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Once upon a time newspapers were our main source of information. Now those old newspapers are a reliable source for hundreds of years of history and secrets of the past. Now you can search for people, places, and events without the hassle of sorting through mountains of papers!

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Newspaper Archive is the world's largest online newspaper database featuring over 145+ million newspaper pages. Plus our database expands by one newspaper page per second for a total of around 2.5 million pages per month! The value of your membership grows along with it.

Genealogy Made Simple

Those looking to find out more about their forefathers can empower their genealogy search with Newspaper Archive. Within our massive database, users can search ancestors' names for news stories and obituaries. We must understand our past to understand our future!

Choose the Membership Plan that is right for you!

Unlimited 6 Month

$99.95 (45% Savings!)

Unlimited page views for 6 months Learn More

Unlimited Monthly

$29.95

Unlimited page views for 1 month Learn More

Introductory

$9.95

10 page views for 1 month Learn More

Subscribe or Cancel Anytime by calling 888-845-2887

24 hours a day Monday-Saturday

Take advantage of our Introductory Membership offer and become a member for 1 month only for $9.95!

Your full introductory membership payment will be credited toward the cost of full membership any time you choose to upgrade!

Your Membership Includes:
  • 10 page views for 1 month
  • Access to Over 145+ million Newspaper Pages
  • Ability to View, Save, and Print
  • Articles featuring over 100 million people
  • Weekly Search Alerts - We search for you!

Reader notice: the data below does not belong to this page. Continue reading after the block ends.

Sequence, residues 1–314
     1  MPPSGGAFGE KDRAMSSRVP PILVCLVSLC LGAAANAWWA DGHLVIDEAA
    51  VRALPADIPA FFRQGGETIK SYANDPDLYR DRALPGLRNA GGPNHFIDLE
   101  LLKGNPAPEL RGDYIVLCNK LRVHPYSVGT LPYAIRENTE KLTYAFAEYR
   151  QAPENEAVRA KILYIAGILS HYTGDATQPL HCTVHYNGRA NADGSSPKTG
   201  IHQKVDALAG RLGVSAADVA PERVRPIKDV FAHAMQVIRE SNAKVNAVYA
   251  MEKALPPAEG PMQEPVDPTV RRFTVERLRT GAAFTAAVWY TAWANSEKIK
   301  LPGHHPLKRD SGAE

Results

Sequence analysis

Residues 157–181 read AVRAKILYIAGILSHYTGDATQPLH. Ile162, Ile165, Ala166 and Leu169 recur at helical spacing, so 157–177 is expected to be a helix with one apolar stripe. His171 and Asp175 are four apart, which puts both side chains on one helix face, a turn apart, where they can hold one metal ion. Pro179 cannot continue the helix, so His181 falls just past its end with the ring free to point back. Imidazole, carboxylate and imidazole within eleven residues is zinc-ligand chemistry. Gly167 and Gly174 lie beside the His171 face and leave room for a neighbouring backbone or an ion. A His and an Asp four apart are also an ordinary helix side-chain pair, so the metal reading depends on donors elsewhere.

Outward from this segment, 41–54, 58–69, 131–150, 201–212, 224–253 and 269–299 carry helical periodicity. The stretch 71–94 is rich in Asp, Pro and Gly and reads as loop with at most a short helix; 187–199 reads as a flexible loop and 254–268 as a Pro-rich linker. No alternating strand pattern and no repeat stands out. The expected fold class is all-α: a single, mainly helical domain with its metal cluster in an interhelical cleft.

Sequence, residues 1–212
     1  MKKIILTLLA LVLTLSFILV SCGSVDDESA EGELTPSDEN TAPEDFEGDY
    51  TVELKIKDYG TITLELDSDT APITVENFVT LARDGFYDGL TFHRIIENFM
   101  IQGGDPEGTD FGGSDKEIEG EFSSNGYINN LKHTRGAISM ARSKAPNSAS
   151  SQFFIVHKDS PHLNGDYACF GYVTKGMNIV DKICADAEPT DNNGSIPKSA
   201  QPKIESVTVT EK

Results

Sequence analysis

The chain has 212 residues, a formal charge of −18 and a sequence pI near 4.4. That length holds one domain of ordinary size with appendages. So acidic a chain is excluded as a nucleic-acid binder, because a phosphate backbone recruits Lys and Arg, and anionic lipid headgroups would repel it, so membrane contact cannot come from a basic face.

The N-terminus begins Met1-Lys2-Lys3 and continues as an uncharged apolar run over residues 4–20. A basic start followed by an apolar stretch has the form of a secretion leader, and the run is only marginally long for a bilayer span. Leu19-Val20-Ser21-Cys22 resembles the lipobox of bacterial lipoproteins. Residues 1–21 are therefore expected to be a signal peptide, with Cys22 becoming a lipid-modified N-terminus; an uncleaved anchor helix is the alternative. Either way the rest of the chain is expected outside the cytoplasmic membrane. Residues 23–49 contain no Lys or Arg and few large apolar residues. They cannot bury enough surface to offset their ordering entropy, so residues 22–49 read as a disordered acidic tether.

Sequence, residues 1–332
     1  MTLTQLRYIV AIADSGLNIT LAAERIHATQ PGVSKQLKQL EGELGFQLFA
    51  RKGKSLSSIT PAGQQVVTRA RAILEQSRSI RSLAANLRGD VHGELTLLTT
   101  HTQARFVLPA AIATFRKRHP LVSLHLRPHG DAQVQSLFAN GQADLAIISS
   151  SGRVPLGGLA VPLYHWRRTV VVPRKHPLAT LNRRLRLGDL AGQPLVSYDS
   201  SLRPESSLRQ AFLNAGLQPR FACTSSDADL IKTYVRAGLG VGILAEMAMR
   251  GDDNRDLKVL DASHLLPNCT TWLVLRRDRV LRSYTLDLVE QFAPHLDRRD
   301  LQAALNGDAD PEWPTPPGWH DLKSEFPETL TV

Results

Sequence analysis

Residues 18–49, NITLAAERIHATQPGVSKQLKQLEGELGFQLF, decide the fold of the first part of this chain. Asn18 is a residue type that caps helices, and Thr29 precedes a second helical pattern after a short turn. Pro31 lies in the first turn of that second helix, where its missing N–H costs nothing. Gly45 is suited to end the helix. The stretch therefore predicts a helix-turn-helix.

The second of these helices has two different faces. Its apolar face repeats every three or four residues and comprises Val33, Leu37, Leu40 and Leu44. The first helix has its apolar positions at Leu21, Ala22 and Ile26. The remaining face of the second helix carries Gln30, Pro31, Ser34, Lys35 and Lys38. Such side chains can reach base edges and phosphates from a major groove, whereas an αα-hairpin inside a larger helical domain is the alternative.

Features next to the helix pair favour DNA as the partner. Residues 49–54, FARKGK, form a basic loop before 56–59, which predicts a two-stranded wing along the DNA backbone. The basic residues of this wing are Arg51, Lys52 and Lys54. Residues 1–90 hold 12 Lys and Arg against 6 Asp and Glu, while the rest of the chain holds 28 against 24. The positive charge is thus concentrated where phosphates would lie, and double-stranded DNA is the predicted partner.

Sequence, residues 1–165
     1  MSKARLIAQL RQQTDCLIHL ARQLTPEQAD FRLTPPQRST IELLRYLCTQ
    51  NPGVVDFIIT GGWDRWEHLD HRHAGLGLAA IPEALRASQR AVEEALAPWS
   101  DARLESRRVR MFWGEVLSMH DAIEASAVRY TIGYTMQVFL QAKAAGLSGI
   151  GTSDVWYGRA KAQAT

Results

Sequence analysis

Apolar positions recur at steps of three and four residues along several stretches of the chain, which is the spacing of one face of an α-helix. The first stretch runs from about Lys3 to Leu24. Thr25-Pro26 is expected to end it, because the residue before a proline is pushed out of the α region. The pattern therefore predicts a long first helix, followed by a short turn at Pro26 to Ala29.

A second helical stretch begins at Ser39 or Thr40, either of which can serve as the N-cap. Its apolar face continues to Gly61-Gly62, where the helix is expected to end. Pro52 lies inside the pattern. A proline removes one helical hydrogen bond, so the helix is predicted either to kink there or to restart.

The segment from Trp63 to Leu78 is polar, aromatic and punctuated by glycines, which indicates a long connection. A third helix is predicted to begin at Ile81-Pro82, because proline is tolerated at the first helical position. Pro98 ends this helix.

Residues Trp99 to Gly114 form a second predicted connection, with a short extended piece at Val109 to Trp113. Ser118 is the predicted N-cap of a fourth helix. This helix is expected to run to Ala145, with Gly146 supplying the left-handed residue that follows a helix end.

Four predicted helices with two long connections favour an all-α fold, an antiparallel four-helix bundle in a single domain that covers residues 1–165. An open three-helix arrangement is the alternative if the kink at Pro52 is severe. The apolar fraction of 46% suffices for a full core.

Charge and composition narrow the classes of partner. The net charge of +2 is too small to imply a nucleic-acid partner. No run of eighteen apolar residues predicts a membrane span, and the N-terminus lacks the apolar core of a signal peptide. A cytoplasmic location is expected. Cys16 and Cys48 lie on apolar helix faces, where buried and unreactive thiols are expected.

• & Many More Features!
Subscribe for a Monthly Membership only for $29.95
Your Membership Includes:
  • Unlimited Page Views
  • Access to Over 145+ million Newspaper Pages
  • Ability to View, Save, and Print
  • Articles featuring over 100 million people
  • Full Access To All Content including 10 Foreign Countries
  • Weekly Search Alerts - We search for you!
  • & Many More Features!
Subscribe for a 6 Month Membership only for $99.95
Best Value! Save -45%
Your Membership Includes:
  • Unlimited Page Views
  • Access to Over 145+ million Newspaper Pages
  • Ability to View, Save, and Print
  • Articles featuring over 100 million people
  • Full Access To All Content including 10 Foreign Countries
  • Weekly Search Alerts - We search for you!
  • & Many More Features!

What our Customers Say:

"It is amazing how easy and exciting it is to access all of this information! I found hundreds of articles about my relatives from Germany! Well worth the subscription!" - Michael S.

"I love this site. It's interesting to read articles about different family members. I've found articles as well as an obituary about an uncle who passed away before I was born, and another about a great aunt. It's great for helping with genealogy." - Patricia T.

"A great research tool. Allows me to view events and gives me incredible insight into the stories of the past." - Charles S.

Search Billions of Newspaper Articles 145 Million+ Pages and More Added Weekly!

Uncover 400+ Years
of Newspaper Archives
(1607 to today!)

Browse by Date

Research Newspaper Articles from 19 Countries
& all 50 U.S. States

Browse by Location

Explore 6,200+ Current &
Historical Newspaper Titles
and Counting!

Browse by Publication